seiche

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Related to Seiches: tsunami, Soil liquefaction

seiche:

see wavewave,
in oceanography, an oscillating movement up and down, of a body of water caused by the frictional drag of the wind, or on a larger scale, by submarine earthquakes, volcanoes, and landslides.
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, in oceanography.

Seiche

 

a standing wave of long period (from several minutes to tens of hours) that arises in large or small enclosed basins of water, such as seas, lakes, and bays. Seiches result from the interference of waves created by external forces, for example, sharp changes in atmospheric pressure, wind, or seismic phenomena, with waves reflected from the end of the basin. Seiches involve oscillation of the entire mass of water, so that there always exist one or more lines (points a and a’ in Figure 1, a and b), called nodes or nodal lines, along which the level does not change.

Figure 1

Seiches may be mononodal (Figure l, a), binodal (Figure l, b), and so forth, with amplitudes from a few millimeters to several meters. For example, seiches in Lake Geneva have attained an amplitude of 2 m with a period of more than I hr. In the Bay of Algiers seiches have attained amplitudes as high as 1 m and periods somewhat longer than 1 min, and in the Sea of Azov seiches with periods up to 23 hr and amplitudes of 10–25 cm have been reported.

seiche

[sāsh]
(fluid mechanics)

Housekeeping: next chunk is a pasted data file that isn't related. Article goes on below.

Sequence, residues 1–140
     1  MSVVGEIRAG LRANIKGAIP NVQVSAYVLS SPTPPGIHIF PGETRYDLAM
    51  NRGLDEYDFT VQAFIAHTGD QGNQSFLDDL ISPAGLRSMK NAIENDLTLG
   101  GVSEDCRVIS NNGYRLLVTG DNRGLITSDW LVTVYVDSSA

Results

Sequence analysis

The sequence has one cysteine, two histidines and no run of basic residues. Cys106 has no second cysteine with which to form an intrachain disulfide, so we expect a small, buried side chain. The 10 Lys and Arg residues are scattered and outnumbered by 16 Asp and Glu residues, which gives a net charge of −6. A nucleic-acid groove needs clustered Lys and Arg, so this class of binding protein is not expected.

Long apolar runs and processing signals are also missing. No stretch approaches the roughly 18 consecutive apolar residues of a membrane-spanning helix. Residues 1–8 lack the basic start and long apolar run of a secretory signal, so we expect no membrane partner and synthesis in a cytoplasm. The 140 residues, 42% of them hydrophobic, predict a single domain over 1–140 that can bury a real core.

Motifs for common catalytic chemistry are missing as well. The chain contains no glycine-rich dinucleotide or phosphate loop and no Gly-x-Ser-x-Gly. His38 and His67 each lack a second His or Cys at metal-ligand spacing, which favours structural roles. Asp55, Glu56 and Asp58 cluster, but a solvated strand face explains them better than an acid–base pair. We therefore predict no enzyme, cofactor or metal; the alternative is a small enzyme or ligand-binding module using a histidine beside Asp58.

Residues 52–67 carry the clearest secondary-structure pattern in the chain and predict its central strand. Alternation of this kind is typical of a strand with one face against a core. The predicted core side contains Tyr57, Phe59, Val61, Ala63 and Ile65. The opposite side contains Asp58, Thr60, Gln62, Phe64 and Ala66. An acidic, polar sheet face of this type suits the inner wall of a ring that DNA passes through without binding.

An oscillation of a fluid body in response to the disturbing force having the same frequency as the natural frequency of the fluid system.
(oceanography)
A standing-wave oscillation of an enclosed or semienclosed water body, continuing pendulum-fashion after cessation of the originating force, which is usually considered to be strong winds or barometric pressure changes.
References in periodicals archive ?
Deputy Interior Minister Esmail Najjar said the wave was estimated at more than three meters (10 feet) high, though that would be unusually big for a seiche and was probably an exaggeration.
Initial data analysis has identified oscillations in the surface temperature along the crater sidewalls, suggesting the presence of seiches in the crater-floor cold pool.
Coast Guard, state park authorities, Ottawa County Board of Supervisors, and city officials, to study the seiche and to propose precautions to prevent future drownings.
Generation of seiches by cold fronts over the southern North Sea JOURNAL OF GEOPHYSICAL RESEARCH, VOL.
Seiches could possibly occur on Grand Lake and other small lakes within the province.
Las variaciones en la capa superficial, la distribucion de nutrientes y sedimentos suspendidos son grandemente controlados por el desplazamiento vertical debido principalmente a la mezcla causada por la dinamica interna del lago que pueden ser las ondas internas y seiches.
Historical examples of earthquake-generated seiches are given by the particularly severe seiche activities that were recorded in Europe following the Portuguese earthquake that occurred in Lisbon in 1755 (Myles, 1985).
De Jong and his colleagues discovered that each of the 51 seiches in Rotterdam's harbor from 1995 to 2001 that sloshed higher than 25 centimeters occurred as a cold front passed through the area.
The low-lying shore topography, shallow lake basins, re-occurring storms, wind set-up and seiches, have caused periodic but regular flooding especially at the western and eastern ends of the lake.
In larger estuaries, long wavelike oscillations of the water surface, called seiches, akin to water sloshing in a dishpan, were revealed as an important mode of motion (see Oceanus, Spring 1993).
In an earthquake, smaller versions of oceanic tidal waves (tsunamis) occur in lakes; these are called seiches.
1) Wyrtkis ideas on remote forcing and basin-scale responses during El Nino were inspired in part by studies of seiches in the Baltic Sea early in his career (Wyrtki 1952; Speidel 2006).